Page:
Reshma Jagsi's work was recently highlighted in Emergency Medicine News: "Special Report: Sexual Harassment a Muddle of Fear, Guilt, and Shame."

Research Topics: 
Fri, March 30, 2018

CBSSM Director, Reshma Jagsi, was one of six innovative women highlighted in Michigan Medicine Headline News for playing a vital role in patient care, education and research.

Funded by National Institutes of Health

Funding Years: 2011-2016

This proposal seeks to advance our understanding of the role of psychosocial and environmental health risk factors as well as medical care in understanding the large socioeconomic and racial/ethnic disparities in health and the way health changes with age in our society. It does so by proposing to extend to four waves and 15 years of follow-up an ongoing prospective study (known as Americans' Changing Lives) of a nationally representative sample of 3,617 adults aged 25 and over in the coterminous United States, who were first interviewed in 1986, with reinterviews of about 83 percent of the surviving members of the original sample already completed in 1989 and 1994, along with ongoing mortality ascertainment on the full original 1986 sample. A proposed fourth wave would be collected on about 83 percent of the surviving sample (estimated respondents - 2,300 of about 2,800 survivors) in 2001, primarily by telephone and in person as necessary, with mortality ascertainment continuing indefinitely and the hope and intent of reinterviewing surviving respondents again about 20-22.5 years after the baseline interview. The ongoing ACL study has generated a large body of publications both by staff of the ACL project and users of the public use data sets for the first two waves (with the third wave to be archived for public use by the end of 1999). ACL analyses and publications have illuminated to the role of a broad range of psychosocial factors, ranging from health behaviors through stress and adaptive resources to productive activities, in predicting health, changes in health and mortality, and in mediating or explaining socioeconomic differences in health. It has also played a major role in understanding the nature, causes, and consequences of paid and unpaid productive activities over the lifecourse. The proposed continuation and extension of the ACL project will address a number of aims: (1) continuing and enhancing ongoing analysis by extending prospective follow-up to 15 years, allowing for better analysis of- (a) time- varying covariates, (b) the impact of changes in risk factors on changes in health, and (c) potential reciprocal relationships between and among SES, psychosocial risk factors and health; (2) enhancing and improving the measurement of a number of variables already being considered in ongoing analysis, including SES (e.g., improving assessment of wealth), productive activities, religious beliefs and behaviors, and personality or dispositional factors (e.g., hostility, optimism, hopelessness, and John Henryism); (3) adding new measures to ACL 4 or (via archival data) to all waves of data for both medical care and exposures in physical and social environments; and (4) to undertake more focused analysis of racial/ethnic differences in health and explanations of them.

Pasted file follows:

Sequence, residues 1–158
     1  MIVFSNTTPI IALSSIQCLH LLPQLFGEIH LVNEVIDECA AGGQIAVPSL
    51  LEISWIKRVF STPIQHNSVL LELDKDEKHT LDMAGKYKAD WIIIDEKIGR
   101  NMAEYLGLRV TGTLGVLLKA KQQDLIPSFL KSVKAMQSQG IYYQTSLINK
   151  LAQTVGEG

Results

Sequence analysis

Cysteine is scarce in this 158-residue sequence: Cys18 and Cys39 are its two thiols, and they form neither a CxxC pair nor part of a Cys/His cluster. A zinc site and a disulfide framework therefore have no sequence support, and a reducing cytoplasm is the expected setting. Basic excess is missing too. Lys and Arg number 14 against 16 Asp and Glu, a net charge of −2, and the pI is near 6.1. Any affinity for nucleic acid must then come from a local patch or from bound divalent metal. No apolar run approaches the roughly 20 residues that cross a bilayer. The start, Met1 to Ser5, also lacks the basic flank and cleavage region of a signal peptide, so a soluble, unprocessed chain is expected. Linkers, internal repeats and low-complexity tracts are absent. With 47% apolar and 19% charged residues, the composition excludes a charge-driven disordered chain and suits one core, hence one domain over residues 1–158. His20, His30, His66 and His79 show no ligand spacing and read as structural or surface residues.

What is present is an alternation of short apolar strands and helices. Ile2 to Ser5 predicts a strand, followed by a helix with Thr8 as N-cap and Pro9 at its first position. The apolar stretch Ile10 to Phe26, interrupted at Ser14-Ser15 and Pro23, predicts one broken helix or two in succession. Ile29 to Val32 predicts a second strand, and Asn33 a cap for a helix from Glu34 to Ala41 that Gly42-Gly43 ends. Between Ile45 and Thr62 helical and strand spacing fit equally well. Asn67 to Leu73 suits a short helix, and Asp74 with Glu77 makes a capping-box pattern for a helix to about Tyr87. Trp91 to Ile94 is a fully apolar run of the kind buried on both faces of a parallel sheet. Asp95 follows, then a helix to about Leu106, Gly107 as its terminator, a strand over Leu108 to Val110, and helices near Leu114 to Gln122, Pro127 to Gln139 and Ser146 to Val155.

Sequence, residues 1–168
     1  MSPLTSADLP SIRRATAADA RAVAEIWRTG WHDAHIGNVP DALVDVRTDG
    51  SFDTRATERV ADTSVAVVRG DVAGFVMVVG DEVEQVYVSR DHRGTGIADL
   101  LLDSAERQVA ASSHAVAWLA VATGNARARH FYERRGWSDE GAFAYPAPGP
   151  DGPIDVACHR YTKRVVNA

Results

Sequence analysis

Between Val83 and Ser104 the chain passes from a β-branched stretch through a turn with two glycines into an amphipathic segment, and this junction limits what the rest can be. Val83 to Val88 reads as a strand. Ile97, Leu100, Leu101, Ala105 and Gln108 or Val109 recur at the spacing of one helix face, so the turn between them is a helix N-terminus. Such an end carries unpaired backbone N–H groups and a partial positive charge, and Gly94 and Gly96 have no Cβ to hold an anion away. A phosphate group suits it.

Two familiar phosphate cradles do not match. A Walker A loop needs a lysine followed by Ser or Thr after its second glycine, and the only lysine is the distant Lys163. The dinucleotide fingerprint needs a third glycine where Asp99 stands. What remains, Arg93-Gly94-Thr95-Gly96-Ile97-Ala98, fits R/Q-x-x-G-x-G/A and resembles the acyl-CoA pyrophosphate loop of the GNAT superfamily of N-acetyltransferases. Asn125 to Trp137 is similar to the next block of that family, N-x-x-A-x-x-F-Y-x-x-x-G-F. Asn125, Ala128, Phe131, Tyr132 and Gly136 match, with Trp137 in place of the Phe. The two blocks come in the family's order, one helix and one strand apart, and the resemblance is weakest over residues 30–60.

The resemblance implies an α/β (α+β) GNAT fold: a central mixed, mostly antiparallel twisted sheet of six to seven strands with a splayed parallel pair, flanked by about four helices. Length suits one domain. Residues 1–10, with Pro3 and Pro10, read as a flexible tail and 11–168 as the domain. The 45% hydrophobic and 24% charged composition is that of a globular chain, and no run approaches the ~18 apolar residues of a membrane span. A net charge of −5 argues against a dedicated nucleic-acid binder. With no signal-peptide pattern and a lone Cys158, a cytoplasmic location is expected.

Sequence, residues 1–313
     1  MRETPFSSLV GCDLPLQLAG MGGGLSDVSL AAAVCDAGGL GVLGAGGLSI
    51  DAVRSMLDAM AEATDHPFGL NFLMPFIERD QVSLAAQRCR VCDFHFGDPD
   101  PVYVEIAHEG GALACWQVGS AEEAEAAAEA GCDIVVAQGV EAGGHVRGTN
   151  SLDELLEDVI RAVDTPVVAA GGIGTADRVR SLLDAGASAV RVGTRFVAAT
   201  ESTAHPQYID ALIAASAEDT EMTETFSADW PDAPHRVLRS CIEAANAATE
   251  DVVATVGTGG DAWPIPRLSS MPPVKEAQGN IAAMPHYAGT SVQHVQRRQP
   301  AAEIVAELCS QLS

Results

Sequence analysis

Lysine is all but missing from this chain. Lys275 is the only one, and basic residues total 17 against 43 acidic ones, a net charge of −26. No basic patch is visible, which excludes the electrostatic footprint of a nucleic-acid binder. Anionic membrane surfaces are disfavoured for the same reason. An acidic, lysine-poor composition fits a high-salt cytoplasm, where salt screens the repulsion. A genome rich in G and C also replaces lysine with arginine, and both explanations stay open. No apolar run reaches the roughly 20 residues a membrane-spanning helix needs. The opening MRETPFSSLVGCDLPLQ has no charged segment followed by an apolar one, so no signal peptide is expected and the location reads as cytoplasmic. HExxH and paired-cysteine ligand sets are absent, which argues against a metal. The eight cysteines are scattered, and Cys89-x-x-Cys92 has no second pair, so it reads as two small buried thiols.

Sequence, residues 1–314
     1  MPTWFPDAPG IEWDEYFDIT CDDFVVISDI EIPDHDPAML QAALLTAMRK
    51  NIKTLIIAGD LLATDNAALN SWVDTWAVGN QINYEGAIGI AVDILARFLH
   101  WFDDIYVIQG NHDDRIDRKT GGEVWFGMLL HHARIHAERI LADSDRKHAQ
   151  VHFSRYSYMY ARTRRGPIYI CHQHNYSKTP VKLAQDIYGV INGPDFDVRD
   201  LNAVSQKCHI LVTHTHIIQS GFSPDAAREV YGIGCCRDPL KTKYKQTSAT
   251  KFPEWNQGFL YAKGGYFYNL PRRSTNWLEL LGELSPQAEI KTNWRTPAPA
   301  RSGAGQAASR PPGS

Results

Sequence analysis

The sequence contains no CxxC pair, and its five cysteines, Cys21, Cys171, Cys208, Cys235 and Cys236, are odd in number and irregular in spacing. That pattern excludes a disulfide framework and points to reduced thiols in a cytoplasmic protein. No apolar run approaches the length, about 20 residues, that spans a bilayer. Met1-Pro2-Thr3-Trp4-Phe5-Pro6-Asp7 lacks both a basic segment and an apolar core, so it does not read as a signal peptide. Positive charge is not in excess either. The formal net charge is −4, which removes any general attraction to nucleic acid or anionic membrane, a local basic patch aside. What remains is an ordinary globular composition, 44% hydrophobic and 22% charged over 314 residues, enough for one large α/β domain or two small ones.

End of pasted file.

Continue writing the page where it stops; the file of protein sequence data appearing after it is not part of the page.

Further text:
PI(s): Sarah Burgard

Co-I(s): Wen Ye, Michael Elliott, Philippa Clarke, Kenneth Langa